On Sunday’s segment of CBS’s “Face the Nation,” Sen. Dianne Feinstein said that the main focus after the Orlando mass shooting is not gun control.
John Dickerson referred to comments made by the National Rifle Association’s executive vice president Wayne LaPierre about suspects on watch lists who want to purchase guns.
LaPierre said that if a suspect on a watch list were to try to buy a gun, there would be a “ping” sent to the federal government. The federal government would then analyze whether the purchase was worth stopping. LaPierre also said that there were times that law enforcement would let a purchase occur in order to watch and build a case around the suspect. He cited FBI director James Comey as not wanting to fully ban suspects on watch lists from purchasing guns as it would interrupt some criminal investigations.
Feinstein said that she did not agree with LaPierre’s statements. In fact, she said that the the Orlando attack highlights a “national security issue,” rather than a gun-control issue.
The senator is currently working on legislation that will allow the Attorney General to deny a gun sale if “reasonable suspicion” surrounds a potential buyer’s background check. Such legislation may have led to the Orlando shooter’s arrest. Feinstein said that the legislation also includes an appeals process. While the shooter was not on a list at the time of his gun purchase, Feinstein said that the bill included a provision that would also asses those who had been under investigation at any given point in time.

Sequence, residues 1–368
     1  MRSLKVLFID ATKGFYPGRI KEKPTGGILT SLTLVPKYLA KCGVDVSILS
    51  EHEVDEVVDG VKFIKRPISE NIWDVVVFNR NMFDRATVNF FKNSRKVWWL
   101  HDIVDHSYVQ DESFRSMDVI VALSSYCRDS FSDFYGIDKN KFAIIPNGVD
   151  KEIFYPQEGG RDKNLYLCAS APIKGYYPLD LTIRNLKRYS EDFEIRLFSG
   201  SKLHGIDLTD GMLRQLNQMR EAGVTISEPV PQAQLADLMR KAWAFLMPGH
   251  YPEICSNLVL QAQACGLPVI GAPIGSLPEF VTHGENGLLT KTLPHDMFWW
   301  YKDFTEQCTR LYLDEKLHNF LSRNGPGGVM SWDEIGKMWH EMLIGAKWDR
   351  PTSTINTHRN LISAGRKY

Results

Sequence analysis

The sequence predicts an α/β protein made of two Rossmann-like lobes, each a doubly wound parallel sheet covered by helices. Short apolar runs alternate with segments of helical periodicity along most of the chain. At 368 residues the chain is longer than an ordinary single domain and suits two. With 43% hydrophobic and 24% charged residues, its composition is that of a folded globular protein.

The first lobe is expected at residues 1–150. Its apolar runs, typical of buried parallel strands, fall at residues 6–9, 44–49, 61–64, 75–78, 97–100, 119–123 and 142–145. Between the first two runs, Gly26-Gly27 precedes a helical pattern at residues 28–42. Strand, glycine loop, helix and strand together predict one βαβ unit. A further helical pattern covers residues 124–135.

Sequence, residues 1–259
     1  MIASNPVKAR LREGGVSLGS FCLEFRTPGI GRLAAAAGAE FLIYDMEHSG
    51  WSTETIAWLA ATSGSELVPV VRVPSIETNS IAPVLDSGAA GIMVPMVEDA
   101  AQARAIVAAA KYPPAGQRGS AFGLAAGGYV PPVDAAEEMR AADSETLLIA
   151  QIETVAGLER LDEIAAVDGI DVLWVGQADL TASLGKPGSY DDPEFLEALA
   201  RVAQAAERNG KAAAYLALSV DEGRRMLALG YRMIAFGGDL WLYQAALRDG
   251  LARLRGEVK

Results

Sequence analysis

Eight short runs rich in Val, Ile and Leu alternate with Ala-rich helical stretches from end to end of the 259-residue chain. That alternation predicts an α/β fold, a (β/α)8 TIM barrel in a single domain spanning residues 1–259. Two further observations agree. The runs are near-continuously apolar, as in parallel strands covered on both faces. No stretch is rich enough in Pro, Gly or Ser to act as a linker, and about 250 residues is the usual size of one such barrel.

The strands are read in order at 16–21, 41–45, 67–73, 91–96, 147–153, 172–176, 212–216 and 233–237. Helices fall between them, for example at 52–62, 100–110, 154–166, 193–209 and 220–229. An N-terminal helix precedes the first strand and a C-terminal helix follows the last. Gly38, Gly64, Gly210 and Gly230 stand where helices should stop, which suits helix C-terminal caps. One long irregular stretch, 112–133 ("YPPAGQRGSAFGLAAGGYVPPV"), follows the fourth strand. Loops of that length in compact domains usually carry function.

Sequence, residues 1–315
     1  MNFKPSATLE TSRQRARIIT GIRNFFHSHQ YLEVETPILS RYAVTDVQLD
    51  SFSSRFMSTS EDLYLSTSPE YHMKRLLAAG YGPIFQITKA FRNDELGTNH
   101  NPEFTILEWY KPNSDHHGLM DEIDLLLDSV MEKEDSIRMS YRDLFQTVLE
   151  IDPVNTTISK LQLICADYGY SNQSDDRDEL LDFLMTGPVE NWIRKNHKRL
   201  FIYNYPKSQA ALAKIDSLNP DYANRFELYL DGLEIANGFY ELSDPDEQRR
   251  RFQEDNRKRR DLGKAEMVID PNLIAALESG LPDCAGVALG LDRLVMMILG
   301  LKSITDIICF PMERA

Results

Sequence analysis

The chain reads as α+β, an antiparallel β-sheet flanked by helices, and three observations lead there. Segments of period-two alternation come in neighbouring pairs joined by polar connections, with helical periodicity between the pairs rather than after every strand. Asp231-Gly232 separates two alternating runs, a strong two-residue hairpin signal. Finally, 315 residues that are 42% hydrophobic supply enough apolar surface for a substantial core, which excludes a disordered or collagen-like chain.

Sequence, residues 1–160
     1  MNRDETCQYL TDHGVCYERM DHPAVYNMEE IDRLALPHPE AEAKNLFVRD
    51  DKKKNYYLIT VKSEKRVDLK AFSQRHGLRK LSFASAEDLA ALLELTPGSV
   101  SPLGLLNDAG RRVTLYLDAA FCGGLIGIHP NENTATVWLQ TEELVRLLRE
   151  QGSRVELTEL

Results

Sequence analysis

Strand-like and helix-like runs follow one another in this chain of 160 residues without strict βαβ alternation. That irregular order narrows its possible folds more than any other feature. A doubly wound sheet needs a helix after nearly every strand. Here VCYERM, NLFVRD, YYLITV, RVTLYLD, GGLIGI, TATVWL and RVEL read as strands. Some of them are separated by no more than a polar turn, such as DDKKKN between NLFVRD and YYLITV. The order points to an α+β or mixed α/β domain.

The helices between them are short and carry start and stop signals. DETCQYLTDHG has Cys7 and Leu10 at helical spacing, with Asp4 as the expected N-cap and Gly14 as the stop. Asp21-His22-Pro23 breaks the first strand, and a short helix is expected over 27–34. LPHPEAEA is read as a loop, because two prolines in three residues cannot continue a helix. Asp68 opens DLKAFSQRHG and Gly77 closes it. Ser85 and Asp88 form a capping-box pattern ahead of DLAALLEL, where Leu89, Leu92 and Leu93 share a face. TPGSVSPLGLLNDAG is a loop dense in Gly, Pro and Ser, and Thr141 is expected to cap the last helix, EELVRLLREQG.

Feintstein said that the watch list incorporated the No Fly list, the Selectee list, and other similar lists. Less than 1% of the names on the watch list were American, meaning that the watch list attempts to weed out foreign threats to the United States as well as domestic. The foreign names on the list were provided by foreign intelligence, foreign law enforcement, and America’s own intelligence.
To speak on the appeals process, Dickerson brought in some criticism of the watch list. There is a lot of confusion regarding how one can get on and off of the list. Others are saying that the list presents a threat to constitutional due process.
Feinstein said that there is an administrative appeal where a concerned citizen can take their case to a court. While some worry about the way names are chosen, there is an outline accounting for due process of the law after a name is already placed on the list. When pressed further, Feinstein restated that the vast majority of the people on the list were foreigners, meaning that “there’s reason for them to be suspect.” While the resulting “ping” may not be based on probable cause, reasonable suspicion is strong enough for the federal government to deny a gun purchase.
When asked about the reinstitution of the assault weapons ban, the senator said that she truly believes “that these weapons of war don’t belong on the street” and that Democratic senators who took the Senate floor last week made a very clear point for bringing it back. Feinstein said that the larger issue was the degree of attachment certain members had to the NRA.